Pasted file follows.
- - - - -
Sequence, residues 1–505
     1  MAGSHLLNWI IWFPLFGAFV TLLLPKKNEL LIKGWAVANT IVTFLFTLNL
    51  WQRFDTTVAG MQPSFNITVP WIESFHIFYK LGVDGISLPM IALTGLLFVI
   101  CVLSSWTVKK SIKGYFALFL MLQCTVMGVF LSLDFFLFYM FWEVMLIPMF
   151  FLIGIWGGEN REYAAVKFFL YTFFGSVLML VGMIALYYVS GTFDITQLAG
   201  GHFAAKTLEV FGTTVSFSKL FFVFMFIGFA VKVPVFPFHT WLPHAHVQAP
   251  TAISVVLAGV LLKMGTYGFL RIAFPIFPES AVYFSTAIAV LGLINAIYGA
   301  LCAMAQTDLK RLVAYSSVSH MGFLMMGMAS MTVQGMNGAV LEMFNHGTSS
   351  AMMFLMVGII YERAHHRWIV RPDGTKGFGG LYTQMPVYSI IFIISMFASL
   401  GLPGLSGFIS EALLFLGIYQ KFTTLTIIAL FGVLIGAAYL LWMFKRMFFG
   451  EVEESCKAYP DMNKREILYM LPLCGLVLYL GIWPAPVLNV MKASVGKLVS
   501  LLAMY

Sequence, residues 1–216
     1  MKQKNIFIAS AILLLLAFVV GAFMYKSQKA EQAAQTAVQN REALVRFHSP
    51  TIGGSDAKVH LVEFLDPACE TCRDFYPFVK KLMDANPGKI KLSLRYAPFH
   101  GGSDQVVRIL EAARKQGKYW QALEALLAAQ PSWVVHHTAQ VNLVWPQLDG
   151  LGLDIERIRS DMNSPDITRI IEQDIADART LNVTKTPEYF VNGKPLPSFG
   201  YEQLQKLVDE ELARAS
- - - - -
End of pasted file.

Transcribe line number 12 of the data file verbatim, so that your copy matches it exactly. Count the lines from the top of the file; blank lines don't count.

   501  LLAMY